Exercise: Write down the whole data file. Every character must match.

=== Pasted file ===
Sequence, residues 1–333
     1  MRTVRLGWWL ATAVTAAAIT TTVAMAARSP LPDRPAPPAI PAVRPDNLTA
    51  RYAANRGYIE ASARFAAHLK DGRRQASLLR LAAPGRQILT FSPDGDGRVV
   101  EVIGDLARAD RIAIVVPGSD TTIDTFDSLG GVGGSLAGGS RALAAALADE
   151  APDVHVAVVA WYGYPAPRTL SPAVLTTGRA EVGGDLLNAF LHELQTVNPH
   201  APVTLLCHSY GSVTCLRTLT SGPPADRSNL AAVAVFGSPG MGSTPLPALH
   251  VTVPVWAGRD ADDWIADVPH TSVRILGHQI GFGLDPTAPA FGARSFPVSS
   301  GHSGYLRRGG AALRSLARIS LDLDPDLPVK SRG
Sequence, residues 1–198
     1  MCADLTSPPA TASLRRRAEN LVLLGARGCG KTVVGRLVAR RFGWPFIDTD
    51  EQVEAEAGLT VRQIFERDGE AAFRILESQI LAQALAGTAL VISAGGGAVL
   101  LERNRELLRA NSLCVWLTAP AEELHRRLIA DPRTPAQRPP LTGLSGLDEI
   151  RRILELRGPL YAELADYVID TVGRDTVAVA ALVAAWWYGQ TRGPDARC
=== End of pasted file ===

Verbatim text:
Sequence, residues 1–333
     1  MRTVRLGWWL ATAVTAAAIT TTVAMAARSP LPDRPAPPAI PAVRPDNLTA
    51  RYAANRGYIE ASARFAAHLK DGRRQASLLR LAAPGRQILT FSPDGDGRVV
   101  EVIGDLARAD RIAIVVPGSD TTIDTFDSLG GVGGSLAGGS RALAAALADE
   151  APDVHVAVVA WYGYPAPRTL SPAVLTTGRA EVGGDLLNAF LHELQTVNPH
   201  APVTLLCHSY GSVTCLRTLT SGPPADRSNL AAVAVFGSPG MGSTPLPALH
   251  VTVPVWAGRD ADDWIADVPH TSVRILGHQI GFGLDPTAPA FGARSFPVSS
   301  GHSGYLRRGG AALRSLARIS LDLDPDLPVK SRG
Sequence, residues 1–198
     1  MCADLTSPPA TASLRRRAEN LVLLGARGCG KTVVGRLVAR RFGWPFIDTD
    51  EQVEAEAGLT VRQIFERDGE AAFRILESQI LAQALAGTAL VISAGGGAVL
   101  LERNRELLRA NSLCVWLTAP AEELHRRLIA DPRTPAQRPP LTGLSGLDEI
   151  RRILELRGPL YAELADYVID TVGRDTVAVA ALVAAWWYGQ TRGPDARC